At the same time European coppers swooped on several sites seizing servers expected to contain more evidence about the leaders of the ZeroAccess crime ring, which was devoted to "click fraud." ZeroAccess use botnets that click on ads without the computer owners' knowledge. The schemes cheat advertisers on search engines including Ballmer’s Bing by making them pay for interactions that have no chance of leading to a sale. Microsoft said the botnet had been costing advertisers on Bing, Google and Yahoo an estimated $2.7 million monthly.
It is the eighth time Microsoft has moved against a botnet and a rare instance of it doing serious damage to one that is controlled with a peer-to-peer mechanism, where infected machines give each other instructions instead of relying on a central server that defenders can hunt down and disable.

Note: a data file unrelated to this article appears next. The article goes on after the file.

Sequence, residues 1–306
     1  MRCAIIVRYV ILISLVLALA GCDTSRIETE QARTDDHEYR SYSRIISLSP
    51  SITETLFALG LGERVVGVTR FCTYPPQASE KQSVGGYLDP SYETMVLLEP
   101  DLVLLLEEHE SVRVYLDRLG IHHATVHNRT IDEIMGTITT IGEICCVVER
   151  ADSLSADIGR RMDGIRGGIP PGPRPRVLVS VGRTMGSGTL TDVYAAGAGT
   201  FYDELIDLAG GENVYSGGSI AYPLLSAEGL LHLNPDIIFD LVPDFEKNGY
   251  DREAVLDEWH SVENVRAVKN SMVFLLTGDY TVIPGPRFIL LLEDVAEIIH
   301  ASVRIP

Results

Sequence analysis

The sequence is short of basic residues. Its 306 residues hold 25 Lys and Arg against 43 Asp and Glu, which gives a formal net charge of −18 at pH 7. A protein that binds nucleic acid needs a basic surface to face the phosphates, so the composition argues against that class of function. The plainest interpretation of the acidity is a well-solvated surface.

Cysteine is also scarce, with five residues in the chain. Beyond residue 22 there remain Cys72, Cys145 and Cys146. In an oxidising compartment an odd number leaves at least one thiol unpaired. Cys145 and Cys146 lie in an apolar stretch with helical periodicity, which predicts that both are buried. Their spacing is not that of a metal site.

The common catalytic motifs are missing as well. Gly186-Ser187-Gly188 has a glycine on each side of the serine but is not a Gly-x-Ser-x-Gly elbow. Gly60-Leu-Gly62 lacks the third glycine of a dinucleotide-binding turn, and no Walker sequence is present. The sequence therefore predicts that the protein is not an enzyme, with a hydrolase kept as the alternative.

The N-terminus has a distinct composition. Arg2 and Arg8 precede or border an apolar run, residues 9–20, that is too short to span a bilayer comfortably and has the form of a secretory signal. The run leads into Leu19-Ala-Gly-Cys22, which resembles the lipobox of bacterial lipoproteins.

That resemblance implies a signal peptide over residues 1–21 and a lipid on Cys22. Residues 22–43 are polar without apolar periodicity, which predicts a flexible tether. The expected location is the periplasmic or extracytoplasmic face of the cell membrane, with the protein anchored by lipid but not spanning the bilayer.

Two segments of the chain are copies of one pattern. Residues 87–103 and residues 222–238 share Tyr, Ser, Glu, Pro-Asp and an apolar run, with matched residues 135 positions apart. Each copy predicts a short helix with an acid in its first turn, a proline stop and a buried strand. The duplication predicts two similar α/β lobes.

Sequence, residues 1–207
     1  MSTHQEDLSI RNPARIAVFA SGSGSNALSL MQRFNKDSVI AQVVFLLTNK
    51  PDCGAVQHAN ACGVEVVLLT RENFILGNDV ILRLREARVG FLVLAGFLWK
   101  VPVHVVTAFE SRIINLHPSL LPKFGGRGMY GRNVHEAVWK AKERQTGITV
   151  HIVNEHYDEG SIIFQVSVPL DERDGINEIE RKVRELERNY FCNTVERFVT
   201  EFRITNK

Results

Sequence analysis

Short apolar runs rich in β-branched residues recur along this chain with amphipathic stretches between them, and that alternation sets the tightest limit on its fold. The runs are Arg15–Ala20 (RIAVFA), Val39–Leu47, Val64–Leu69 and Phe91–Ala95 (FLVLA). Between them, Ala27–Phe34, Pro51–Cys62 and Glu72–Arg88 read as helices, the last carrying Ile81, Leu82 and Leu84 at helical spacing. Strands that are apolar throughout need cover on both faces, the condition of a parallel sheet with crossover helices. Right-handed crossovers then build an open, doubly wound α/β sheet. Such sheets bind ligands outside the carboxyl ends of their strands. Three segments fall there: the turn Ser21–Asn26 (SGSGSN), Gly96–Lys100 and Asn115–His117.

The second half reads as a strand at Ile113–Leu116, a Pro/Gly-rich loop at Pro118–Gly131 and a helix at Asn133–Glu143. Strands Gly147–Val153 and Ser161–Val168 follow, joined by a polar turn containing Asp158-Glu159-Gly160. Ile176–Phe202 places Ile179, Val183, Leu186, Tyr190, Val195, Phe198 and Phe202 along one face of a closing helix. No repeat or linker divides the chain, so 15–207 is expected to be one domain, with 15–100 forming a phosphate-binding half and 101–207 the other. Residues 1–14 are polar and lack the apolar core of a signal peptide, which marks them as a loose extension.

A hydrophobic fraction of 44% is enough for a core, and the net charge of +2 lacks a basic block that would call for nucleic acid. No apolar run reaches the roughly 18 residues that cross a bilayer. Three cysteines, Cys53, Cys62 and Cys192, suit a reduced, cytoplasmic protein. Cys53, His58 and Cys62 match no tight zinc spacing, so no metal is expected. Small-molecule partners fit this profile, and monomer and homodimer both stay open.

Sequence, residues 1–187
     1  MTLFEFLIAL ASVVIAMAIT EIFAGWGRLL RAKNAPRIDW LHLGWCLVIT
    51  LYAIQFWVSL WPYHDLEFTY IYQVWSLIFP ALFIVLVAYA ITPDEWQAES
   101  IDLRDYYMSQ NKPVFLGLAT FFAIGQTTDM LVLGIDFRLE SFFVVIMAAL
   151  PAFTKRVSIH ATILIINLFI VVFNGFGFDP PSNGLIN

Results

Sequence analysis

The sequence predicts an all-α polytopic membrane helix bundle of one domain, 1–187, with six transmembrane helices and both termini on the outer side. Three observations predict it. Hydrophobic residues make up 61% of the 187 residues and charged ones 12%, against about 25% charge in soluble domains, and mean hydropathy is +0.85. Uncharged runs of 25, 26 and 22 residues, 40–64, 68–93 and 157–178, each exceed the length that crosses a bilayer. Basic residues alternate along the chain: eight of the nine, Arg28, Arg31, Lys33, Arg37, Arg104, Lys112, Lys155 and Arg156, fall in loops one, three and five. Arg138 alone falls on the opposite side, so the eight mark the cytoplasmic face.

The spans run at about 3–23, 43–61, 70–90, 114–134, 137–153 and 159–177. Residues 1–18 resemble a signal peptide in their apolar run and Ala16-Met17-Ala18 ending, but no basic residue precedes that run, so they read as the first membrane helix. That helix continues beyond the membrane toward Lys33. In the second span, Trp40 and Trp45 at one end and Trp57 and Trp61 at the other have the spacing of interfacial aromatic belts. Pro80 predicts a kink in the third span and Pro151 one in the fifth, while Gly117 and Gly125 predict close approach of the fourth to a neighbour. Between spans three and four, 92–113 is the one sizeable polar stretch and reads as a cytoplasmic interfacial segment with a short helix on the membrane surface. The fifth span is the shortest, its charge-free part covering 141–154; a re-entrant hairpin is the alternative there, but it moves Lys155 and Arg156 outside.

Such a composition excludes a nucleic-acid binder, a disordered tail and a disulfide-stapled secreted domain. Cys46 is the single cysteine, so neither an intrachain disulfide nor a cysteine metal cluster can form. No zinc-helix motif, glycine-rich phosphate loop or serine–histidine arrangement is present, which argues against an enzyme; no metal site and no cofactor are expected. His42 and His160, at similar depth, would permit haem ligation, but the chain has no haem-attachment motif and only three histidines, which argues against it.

Apparently, the ZeroAccess botnet was weakened by the fact that the code in the infected machines told them to reach out to one of the 18 numeric Internet addresses for details on which ads to click. Microsoft tracked down these servers and obtained court orders.
Microsoft has been sharing evidence with the FBI and Europol, the continent's law enforcement coordinating service. National agencies took part in seizure actions in Germany, Switzerland, Latvia, Luxembourg, and the Netherlands.
The operators of the botnet are believed to be in Russia.